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I have shamefully little credibility on the following topic, less so than I
do on Paul Wilson or on speaking French or on dunk techniques. So
read the following with a salt shaker by your side, and for some history,
check
out this piece from last year
,
or this one
from earlier in 2001
.

(Dear Craig: sorry, man. It has to be done.)

The San Diego Padres are 6 1/2 games out of the National League wild-card
spot. The small-market, traded-two-starting-pitchers-at-the-deadline,
way-off-radar San Diego Padres are within a hot week of controlling their
postseason destiny. They took the first game of a huge three-game series
with the Cardinals to move to within four games of the Redbirds, and they
get the Diamondbacks in their backyard over the weekend.

How did this happen? The Padres were supposed to be marking time until their
new park was ready, an event that now looks like it will occur sometime
during Gary Condit’s second presidential term. Left to play the little
brother to a bad franchise in a football stadium, GM Kevin Towers did a good
job of locking in a good, low-cost offense while acquiring and developing a
host of capable, albeit low-upside, starters. The Padres are third in the NL
in runs (second only to the teams that play in Coors Field and Enron), in a
virtual dead heat for the league lead in
Equivalent Average,
have a better Pythagorean record than all but four NL teams, and are getting
quality work from all five starters, none of whom had a big-league job nine
months ago.

That last part has been the key. The Padre offense was the surprise of the
early part of the year, as Rickey Henderson and Bubba Trammell
stepped in to provide good OBPs in the outfield corners. Henderson has faded
a bit, and Trammell’s playing time has been cut a little, but the pitching
has picked up the slack. Since Sterling Hitchcock and Woody
Williams
were sent to New York and St. Louis bracketing the trade
deadline, here’s what the Pads have gotten from the rotation:


                  ERA       IP
Bobby Jones:     5.67   33 1/3
Brian Tollberg:  3.73   31 1/3
Brian Lawrence:  2.84   31 2/3
Junior Herndon:  2.51   32 1/3
Kevin Jarvis:    2.76   32 2/3


That’s not dominant, but it’s been more than enough to support an offense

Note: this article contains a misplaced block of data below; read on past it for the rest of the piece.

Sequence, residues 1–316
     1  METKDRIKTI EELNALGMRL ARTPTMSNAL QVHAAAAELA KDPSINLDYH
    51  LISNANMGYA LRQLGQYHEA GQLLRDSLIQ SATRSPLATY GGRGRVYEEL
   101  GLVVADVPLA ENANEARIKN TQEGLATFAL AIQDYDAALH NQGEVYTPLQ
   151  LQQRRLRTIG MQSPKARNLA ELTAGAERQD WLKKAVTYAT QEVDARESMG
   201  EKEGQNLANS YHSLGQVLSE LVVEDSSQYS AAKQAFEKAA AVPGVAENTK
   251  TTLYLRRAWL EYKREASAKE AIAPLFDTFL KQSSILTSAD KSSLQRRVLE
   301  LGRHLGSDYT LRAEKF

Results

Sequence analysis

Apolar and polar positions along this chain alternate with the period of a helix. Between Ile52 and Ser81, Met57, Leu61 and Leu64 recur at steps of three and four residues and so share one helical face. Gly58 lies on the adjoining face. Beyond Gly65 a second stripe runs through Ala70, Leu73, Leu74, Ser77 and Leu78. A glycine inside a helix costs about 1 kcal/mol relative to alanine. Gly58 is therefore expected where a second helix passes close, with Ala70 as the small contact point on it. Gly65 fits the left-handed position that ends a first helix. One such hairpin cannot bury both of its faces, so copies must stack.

that is quietly excellent. Of the ten guys currently getting the most
playing time, D’Angelo Jimenez sports the worst EqA at .255. An
average EqA is .260, so the Padre lineup is within striking distance of
being Lake Woebegon’s adopted children: all above average.

The success of the offense this season is no secret: the Padres lead the NL
in walks, contributing to a #3 rank in OBP and making up for slugging
percentage and home-run totals among the NL’s worst. The pitching staff owes
the success it has had to control of the strike zone, too: they rank third
in the NL in fewest walks allowed.

Earlier this season,
I trumpeted
the "Walk Gap,"
as a
quick-and-dirty way of seeing which teams controlled the strike zone. Simply
put, it’s the difference between walks allowed and walks drawn (ESPN.com’s
Rob Neyer is the person who introduced the idea, at least to me), and I like
it as a measure of a team’s attention to the strike zone. The Padres’ Walk
Gap of +220 is the largest in the NL by more than 100.

While I like what the Padres have done, I’m not making any predictions. The
Padres could use some bullpen help, and maybe asking Junior Herndon
and Kevin Jarvis to be good for four more weeks is a recipe for
disaster. My point, though, is the same as it was a year ago: any team this
close to a postseason berth this late in the season deserves to be treated,
and covered as such, no matter the size of their revenues or the challenges
of their market. The Padres are in the playoff mix, and no amount of Chicken
Little yammering changes that fact.

Joe Sheehan is an author of Baseball Prospectus. You can contact him by
clicking here.